Cheney Explains Delay in Disclosure of Hunting Incident Vice President Dick Cheney gave his first interview since shooting his friend while hunting. Cheney said the shooting was his fault but that it was best to delay informing the public until all the facts were known.
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Cheney Explains Delay in Disclosure of Hunting Incident

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Cheney Explains Delay in Disclosure of Hunting Incident

Cheney Explains Delay in Disclosure of Hunting Incident

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This is MORNING EDITION from NPR News. I'm Steve Inskeep.


And I'm Renee Montagne: Vice President Dick Cheney has given his first public account of his weekend hunting accident. In an interview with Fox News, Cheney took full responsibility for accidentally shooting Texas lawyer Harry Whittington. Whittington is in stable condition at a Texas hospital. Cheney defended his decision to wait to inform the public about what had taken place, as NPR's David Greene reports.

DAVID GREENE reporting:

Cheney admitted in the interview that it's not everyday a vice president shoots somebody, not since Aaron Burr in 1804. But Cheney said he waited until yesterday to speak out in part because he wanted to make sure the man he shot, Harry Whittington, appeared on the road to recovery, which he does. Hospital officials say after a mild heart attack due to a pellet near his heart, his heartbeat has returned to normal and he's up sitting in a chair. So now Cheney took us back to Saturday afternoon when he was out hunting quail.

Vice President DICK CHENEY: The bird flushed and went to my right off to the west. I turned and shot at the bird and at that second saw Harry standing there. Didn't know he was there.

Mr. BRIT HUME, (Reporting, Fox News):

HUME: You pulled the trigger and you saw him.

CHENEY: Well I saw him fall basically. It happened so fast.

GREENE: So fast, Cheney said, that he had no idea if he hit a bird. He just saw the 78-year-old Whittington on the ground bleeding. He was conscious but not responding.

CHENEY: I had no idea how serious it was going to be. I mean, it could have been extraordinarily serious. You just don't know at that moment. You know he's been struck. You know, it's a lot of shot that hit him. But you don't know, you think about his eyes. Fortunately, he was wearing hunting glasses and protected his eyes. You just don't know.

GREENE: And that was part of the reason he said that Americans had to wait to learn that he had shot somebody. He said he wanted all the facts to be straight. He said he also thought ranch owner Katherine Armstrong, a seasoned hunter and eyewitness could best tell the story. And so the next day, Sunday, she called her local paper, the "Corpus Christi Caller Times."

CHENEY: If we'd put out a report Saturday night on what we heard then, one report came in and said superficial injuries. If we had gone with a statement at that point we would have been wrong. And it was also important, I thought, to get the story out as accurately as possible.

GREENE: The delay caused an uproar in the White House press corps. Cheney said national reporters probably just didn't like that a small paper in Texas got the scoop. He also acknowledged that during a lunch time barbecue, he drank a beer. But by the time he was hunting quail at 3:00 p.m., he said, nobody in his hunting party was under the influence.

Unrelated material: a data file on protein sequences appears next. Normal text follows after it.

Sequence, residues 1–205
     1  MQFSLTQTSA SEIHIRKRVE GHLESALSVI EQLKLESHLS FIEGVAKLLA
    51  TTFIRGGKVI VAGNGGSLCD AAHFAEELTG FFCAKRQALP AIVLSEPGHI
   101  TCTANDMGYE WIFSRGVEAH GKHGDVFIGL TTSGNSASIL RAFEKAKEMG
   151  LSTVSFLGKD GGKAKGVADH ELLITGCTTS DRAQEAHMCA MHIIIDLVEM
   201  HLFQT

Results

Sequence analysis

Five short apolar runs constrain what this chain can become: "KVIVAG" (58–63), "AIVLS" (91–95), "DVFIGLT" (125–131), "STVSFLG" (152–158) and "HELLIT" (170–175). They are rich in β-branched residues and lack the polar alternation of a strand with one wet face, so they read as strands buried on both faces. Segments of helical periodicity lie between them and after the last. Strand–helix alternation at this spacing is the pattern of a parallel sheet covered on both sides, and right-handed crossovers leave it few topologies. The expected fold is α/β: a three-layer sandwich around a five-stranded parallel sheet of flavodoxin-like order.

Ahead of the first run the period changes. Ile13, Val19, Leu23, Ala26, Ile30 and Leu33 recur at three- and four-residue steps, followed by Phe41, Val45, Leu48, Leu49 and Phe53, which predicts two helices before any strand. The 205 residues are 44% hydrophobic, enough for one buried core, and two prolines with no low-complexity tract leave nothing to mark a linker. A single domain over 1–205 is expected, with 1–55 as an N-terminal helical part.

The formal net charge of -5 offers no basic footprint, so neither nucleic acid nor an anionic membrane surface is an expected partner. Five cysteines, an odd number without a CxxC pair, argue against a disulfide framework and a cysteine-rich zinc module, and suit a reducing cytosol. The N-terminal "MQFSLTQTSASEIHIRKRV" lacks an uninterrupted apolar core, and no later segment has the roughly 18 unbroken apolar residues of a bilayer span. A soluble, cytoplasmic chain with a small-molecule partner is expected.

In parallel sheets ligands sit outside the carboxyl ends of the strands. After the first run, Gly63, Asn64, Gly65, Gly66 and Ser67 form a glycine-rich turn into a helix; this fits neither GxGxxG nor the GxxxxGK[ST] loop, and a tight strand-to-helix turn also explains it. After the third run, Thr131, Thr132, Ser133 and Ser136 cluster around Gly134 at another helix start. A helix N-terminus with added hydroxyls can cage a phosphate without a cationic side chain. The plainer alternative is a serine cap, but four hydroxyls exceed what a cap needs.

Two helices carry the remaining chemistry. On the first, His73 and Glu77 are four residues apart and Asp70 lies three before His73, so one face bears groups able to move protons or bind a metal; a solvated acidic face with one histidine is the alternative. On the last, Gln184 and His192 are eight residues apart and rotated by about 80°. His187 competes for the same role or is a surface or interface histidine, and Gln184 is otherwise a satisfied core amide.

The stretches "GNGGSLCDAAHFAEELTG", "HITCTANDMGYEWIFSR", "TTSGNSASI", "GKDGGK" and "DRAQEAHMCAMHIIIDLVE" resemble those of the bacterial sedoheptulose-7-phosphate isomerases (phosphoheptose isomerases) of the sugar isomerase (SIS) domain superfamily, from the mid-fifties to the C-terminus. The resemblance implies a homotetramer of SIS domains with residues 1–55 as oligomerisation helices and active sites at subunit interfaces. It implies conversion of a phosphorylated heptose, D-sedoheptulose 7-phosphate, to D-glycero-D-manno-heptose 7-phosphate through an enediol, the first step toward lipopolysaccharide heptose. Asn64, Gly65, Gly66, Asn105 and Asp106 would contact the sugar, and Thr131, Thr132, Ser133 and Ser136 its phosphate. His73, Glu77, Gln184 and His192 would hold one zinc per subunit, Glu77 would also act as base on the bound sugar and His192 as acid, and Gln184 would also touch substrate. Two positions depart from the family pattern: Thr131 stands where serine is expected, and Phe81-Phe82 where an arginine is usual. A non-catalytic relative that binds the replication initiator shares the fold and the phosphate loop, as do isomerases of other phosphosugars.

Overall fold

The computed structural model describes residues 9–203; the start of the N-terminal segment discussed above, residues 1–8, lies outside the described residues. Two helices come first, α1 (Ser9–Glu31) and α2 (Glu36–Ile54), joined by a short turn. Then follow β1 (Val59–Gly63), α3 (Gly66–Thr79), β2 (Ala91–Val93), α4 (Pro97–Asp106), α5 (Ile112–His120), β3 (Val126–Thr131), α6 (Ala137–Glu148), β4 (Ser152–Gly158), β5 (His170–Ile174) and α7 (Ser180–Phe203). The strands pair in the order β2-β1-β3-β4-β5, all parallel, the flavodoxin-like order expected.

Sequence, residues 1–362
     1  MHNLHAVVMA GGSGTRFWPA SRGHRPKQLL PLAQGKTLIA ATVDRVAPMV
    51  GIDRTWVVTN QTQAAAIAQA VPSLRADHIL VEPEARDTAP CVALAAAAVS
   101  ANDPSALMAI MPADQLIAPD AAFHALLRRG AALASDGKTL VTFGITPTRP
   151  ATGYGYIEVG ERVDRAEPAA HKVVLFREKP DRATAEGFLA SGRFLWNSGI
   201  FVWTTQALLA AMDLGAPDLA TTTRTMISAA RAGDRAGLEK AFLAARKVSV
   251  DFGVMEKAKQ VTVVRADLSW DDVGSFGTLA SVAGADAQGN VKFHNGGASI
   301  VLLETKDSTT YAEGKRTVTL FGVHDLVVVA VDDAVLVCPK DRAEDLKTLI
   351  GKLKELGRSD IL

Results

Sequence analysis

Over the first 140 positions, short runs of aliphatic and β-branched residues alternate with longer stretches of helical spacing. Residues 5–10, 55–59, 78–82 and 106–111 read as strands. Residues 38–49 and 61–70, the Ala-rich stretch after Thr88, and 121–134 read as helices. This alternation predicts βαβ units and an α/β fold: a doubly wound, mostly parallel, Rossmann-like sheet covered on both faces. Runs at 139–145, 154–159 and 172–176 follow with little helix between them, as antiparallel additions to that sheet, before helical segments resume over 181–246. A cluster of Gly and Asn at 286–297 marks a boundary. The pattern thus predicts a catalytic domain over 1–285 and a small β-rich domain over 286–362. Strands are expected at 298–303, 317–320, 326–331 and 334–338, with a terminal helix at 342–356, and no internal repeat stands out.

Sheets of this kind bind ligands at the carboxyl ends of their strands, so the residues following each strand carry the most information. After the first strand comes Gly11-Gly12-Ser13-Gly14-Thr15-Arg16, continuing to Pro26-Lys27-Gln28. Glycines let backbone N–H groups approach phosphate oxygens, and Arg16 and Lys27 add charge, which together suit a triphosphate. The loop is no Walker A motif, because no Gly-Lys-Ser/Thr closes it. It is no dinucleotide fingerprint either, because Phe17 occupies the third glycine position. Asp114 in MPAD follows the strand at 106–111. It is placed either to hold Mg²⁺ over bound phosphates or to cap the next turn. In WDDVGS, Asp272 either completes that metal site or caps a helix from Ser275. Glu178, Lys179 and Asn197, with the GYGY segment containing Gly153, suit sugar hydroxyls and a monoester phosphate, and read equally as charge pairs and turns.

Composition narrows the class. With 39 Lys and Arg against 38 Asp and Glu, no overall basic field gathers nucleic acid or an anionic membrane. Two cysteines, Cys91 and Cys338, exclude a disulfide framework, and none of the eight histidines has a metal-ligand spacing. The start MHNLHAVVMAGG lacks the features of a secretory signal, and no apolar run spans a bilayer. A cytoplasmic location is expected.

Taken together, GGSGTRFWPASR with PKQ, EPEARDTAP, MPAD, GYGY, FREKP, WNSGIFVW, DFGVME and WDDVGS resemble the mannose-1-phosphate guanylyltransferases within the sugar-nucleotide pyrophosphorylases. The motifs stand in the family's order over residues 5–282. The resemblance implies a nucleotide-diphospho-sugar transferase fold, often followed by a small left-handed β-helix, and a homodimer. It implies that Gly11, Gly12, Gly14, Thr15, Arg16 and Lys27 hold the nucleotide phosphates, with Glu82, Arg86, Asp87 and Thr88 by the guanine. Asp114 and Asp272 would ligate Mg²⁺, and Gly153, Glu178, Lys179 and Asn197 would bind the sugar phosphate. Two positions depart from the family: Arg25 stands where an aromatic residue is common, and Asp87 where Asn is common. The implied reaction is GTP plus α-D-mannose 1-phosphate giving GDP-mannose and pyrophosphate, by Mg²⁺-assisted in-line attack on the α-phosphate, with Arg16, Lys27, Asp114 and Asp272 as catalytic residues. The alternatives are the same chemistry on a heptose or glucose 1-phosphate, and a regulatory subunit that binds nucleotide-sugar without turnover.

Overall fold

There were some complaints that Cheney chose Fox News for his exclusive recounting. Democratic Senator Frank Lautenberg of New Jersey accused him of wanting to restrict the discussion to a friendly news outlet. Brit Hume did press the vice president at times. In talking about the interview on air afterwards, Hume also suggested that some Americans aren't sympathizing with reporters at the White House

BRIT HUME: A lot more Americans are hunters than are members of the White House Press Corps are hunters. And I think a lot of people who are either hunters who have been around hunters and hunting know that things happen, that hunting mishaps occur.

GREENE: But many traditional allies of Cheney say he was plain wrong for waiting to inform the public about the shooting. Ari Fleischer, Mr. Bush's former press secretary, told NPR prior to the interview that Cheney could have put the story to rest by getting information out fast.

Mr. ARI FLEISCHER, (Former White House Press Secretary): I think the vice president erred in not making this known immediately to the White House Press Corps on Saturday night or Sunday morning. It was the right thing to do. This is a serious event and it should have been immediately disclosed.

GREENE: If nothing else, this was all true to form for Cheney. He's known as one of the most low-profile vice presidents in history. He has often criticized the press. Even when he holds sessions with reporters, he often insists they identify him as a senior administration official rather than as vice president. People who know him say they would have been surprised if he rushed before the cameras after the incident.

Mr. JACK PITNEY (Professor of Government, Claremont McKenna College): He's a Gary Cooper figure in an Oprah Winfrey world.

GREENE: Jack Pitney, a government professor at Claremont McKenna College in California worked for Cheney as a fellow in his Wyoming Congressional office in the 1980s.

Mr. PITNEY: I think among the top Washington politicians, he's one of the people who are least worried about their image in the press and the public. This is not a guy who lives and dies by public opinion polls.

GREENE: Especially now, Pitney said, given Cheney has no stated plans to run for a promotion in 2008.

David Greene, NPR News Washington.

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